Back in the late 1990’s I found another card in a treasured box that says For Mom with our love and appreciation on Mother’s Day. And I know why I kept it. It was signed by both children in their best cursive. Their Dad probably bought it and for them to do something together was quite unique. I did like the beautiful bow and especially the line that says how thankful they were for my faith to help get them through difficult times which I still try to do today by responding to their phone calls and text messages. Though I have learned that it is not just my faith in them but my steady faith in God. Some of my favorite gifts have been fresh flowers for the dining room table, and a candle from my daughter as well as Lindahl chocolate. My son is known for bottled water since he works for Hinckleys, teas and he knows I love my Starbucks. Jamesons for a filet mignon in Downers Grove is my favorite for dinner but there have been many years spent having breakfast and lunch at Stevens in Woodridge.

And as I write and read this again; it is not about vacations or the most expensive gift, it is truly the love and encouragement we give to each other every day until we are able to call heaven our new home.

Happy Mother’s Day to all that celebrate with kisses, hugs, and wonderful cheers.

In your Easter bonnet

The Easter parade was always planned, following the religious service on Easter Sunday. Never another day which was truly a way to celebrate Jesus. Easter parades involved women who were finely dressed in new clothes and hats. Having new clothes and expensive attire actually began in Europe in the early 4th century as a celebration to the resurrection. It symbolized re-birth, renewal and hope. In 1933, American songwriter Irving Berlin wrote the music for a revue on Broadway called As Thousands Cheer. It included his song “Easter Parade”, which he had been working on for fifteen years, and in which he had finally captured the essence of the parade. Both the song and the revue were tremendously popular. The song became a standard, and fifteen years later was the basis for the film Easter Parade. My family members remember the Chicago parade in 1939 taking place in front of the Drake hotel after services. Women of wealthy families would attend service and then head for a luxurious lunch. Another Chicago parade took place in on Michigan Ave in around the Fourth Presbyterian Church in 1927. Many dressed in fine clothes and bonnets. They were usually wealthy congregants and influential pastors.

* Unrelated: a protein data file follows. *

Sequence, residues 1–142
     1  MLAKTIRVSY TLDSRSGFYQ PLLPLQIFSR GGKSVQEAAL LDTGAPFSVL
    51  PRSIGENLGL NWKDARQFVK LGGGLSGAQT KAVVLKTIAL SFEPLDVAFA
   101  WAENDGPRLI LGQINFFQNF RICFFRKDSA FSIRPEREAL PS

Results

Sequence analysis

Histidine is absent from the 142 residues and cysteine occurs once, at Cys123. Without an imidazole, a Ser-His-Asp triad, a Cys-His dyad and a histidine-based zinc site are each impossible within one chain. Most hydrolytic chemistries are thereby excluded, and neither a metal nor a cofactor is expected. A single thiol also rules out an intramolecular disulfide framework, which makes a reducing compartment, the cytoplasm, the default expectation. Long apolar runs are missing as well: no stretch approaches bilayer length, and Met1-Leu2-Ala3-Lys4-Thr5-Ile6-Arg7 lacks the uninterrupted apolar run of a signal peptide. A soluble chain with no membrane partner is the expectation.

The Easter parade is most closely associated with Fifth Avenue in New York City, but Easter parades are held in many other cities. Starting as a spontaneous event in the 1870s, the New York parade became increasingly popular into the mid-20th century—in 1947, it was estimated to draw over a million people. Its popularity has declined significantly, drawing only 30,000 people in 2008. It was cancelled in 2020 due to Covid but now the Easter parade and bonnet festival still exists. The Easter Parade & Easter Bonnet Festival is a spontaneous event that takes place every year in New York City. On Easter Sunday, Fifth Avenue (from 49th St to 57th St) is closed for traffic. The fun begins at about 10 am. The promenade of hundreds of people wearing weird, funny, and inventive costumes usually attracts crowds of spectators.

Other wonderful Easter celebrations planned on Easter Sunday throughout the country:

New Orleans Like so many occasions in New Orleans, Easter Sunday is celebrated with a parade…actually three. The oldest Easter parade in the city is the one founded by Germaine Wells in 1956. Most are Christian so as many have said, it a spritual time in the city. Therefore, Easter gets its fair number of parades dedicated to different issues and topics, such as The Historic French Quarter Easter Parade, Chris Owens French Quarter Parade, and the Gay Easter Parade. The Historic French Quarter parade starts at Antoines restaurant at 9:45 and arrives at the St. Louis Cathedral for mass at 11:00. There are also Easter Bonnet awards.